The Backbone documentation is very simple. I learned next to nothing the first 5 times I read through it. There was a bounty of tutorials online though but only a handful of helpful ones. They all demonstrated the ‘Todo List’ app which was good for demonstrating the basics but nothing gave any info about using Backbone with a RESTful backend. Somehow though, I found an online book called Developing Backbone.js Applications by Addy Osmani. Parts of the book are a bit outdated in terms of how Backbone works now but the key concepts are still the same. I’m going to outline key concepts I’ve learned(some of these may pertain only to me but this blog is mainly for me anyway).
Models are the ‘backbone’ of your app
Models in Backbone can be anything but they are only representations of actual objects. For the most part, the whole app is built around models. So in Backbone, a model is an object with some values in it. These values can be data for html elements or data from a server-side database. When a change is made to your model, that change stays on the client. In order to persist these changes in a db, the Model#sync method needs to be called and Backbone actually does it for you once you call save() on a model. Now you’re probably wondering “If the models are so important, what’s their role in the view of the app?” Keep reading.
Views cover and visually represent models
A view is essentially an HTML element with its own content. A view can be a div with tons of other views in it or just an object that fills and renders other views. Each view can have it’s own model that it represents and/or a whole collection of models(see below for collections). Views are usually made up of templates that are very similar to ERB templates in Rails and when you render a view, you compile it and pass in the variables that you want to use in the template and construct your template to portray that data as you please. But not every view has to have data from a model, so they can just be static templates. Like I said, they are just HTML elements you put into the DOM whenever and wherever you want.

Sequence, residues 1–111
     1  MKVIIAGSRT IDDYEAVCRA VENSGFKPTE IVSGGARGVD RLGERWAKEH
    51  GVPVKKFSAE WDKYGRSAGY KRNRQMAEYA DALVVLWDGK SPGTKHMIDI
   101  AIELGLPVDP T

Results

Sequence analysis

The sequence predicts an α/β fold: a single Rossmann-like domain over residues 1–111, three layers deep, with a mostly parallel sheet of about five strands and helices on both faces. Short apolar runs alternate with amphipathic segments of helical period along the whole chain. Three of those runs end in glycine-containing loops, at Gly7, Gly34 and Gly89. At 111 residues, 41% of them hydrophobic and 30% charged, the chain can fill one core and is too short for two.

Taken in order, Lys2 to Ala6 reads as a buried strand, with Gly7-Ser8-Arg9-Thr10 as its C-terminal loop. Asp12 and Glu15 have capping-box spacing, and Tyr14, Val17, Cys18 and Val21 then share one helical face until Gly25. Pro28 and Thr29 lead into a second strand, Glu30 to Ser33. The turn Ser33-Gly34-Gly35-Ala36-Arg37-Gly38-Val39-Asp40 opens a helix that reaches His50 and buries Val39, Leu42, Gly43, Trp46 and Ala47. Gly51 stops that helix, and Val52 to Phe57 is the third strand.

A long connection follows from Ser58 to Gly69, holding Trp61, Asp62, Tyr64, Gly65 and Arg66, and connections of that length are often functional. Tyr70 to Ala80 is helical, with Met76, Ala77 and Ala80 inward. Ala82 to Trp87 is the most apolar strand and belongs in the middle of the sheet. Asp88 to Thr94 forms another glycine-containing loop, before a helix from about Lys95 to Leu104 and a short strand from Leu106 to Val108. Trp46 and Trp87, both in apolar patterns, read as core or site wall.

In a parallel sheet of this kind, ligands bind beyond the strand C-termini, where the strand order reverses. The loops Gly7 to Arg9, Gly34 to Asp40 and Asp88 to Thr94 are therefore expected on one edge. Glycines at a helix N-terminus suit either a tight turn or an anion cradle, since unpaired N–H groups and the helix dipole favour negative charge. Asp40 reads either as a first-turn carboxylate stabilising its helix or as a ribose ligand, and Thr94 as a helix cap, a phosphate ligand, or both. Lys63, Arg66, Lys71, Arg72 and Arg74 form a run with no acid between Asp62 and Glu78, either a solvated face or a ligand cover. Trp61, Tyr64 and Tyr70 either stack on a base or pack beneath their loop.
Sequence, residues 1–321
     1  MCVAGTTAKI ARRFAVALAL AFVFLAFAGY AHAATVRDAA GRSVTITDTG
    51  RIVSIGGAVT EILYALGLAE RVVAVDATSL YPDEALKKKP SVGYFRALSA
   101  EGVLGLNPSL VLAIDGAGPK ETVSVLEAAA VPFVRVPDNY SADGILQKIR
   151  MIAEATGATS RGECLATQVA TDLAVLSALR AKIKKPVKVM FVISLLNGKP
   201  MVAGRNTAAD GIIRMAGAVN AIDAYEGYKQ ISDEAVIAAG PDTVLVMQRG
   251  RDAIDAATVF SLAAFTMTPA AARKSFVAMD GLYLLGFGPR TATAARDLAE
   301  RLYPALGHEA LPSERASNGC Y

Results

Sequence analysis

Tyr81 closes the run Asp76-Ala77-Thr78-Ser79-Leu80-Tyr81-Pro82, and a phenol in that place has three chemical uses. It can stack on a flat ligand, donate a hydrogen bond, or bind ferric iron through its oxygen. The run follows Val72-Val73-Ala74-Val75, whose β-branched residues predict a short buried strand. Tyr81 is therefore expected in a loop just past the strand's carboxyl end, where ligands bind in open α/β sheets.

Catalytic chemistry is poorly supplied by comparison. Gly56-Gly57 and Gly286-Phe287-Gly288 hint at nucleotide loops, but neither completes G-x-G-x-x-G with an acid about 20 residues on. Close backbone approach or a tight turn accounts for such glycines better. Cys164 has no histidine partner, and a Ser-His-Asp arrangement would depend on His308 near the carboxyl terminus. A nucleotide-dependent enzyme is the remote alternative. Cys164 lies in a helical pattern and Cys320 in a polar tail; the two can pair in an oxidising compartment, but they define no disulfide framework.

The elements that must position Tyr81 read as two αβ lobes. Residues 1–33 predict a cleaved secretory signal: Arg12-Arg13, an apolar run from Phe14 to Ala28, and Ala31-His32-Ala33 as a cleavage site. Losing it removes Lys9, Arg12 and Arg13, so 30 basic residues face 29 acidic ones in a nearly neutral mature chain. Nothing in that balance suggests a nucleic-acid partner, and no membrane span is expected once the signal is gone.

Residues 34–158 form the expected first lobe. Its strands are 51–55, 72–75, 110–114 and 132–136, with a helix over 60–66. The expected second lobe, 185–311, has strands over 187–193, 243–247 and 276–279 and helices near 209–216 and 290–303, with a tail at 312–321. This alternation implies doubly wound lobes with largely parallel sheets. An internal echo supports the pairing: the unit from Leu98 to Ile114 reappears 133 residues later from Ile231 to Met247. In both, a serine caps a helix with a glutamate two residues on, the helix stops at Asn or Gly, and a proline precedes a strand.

Collections are literally collections
Very simple. It’s very common that a class that represents a model will have methods like
Item.find(id). Well in Backbone, the collection kind of houses those class methods and is a bucket of all the models of that class. The collection is an array I’m pretty sure that just holds all the models as objects and has methods like
remove and tons more. If you are familiar with Rails, SQL, or any database, then you can think of a collection as a SQL table but the trick is that you have to manually fill in the collection before you use it. This means you have to load in the models from database into the collection or manually add them individually. The only automatic loading of data Backbone does is when you make changes on the client. Nothing persists to the server unless you explicitly want it to.
That’s a quick jist of Backbone that I wish I was aware of before using it. But maybe I’m just dumb and everyone else can understand that from reading their documentation. Anyway, I’ve hooked up my Backbone app to the Node.js backend with mongoDB and everything is working pretty smoothly. There are still plenty of things I still need to refine or probably re-do but I think I’ll do another post to document some of my techniques and design of my app but I’m open to better ways of doing things.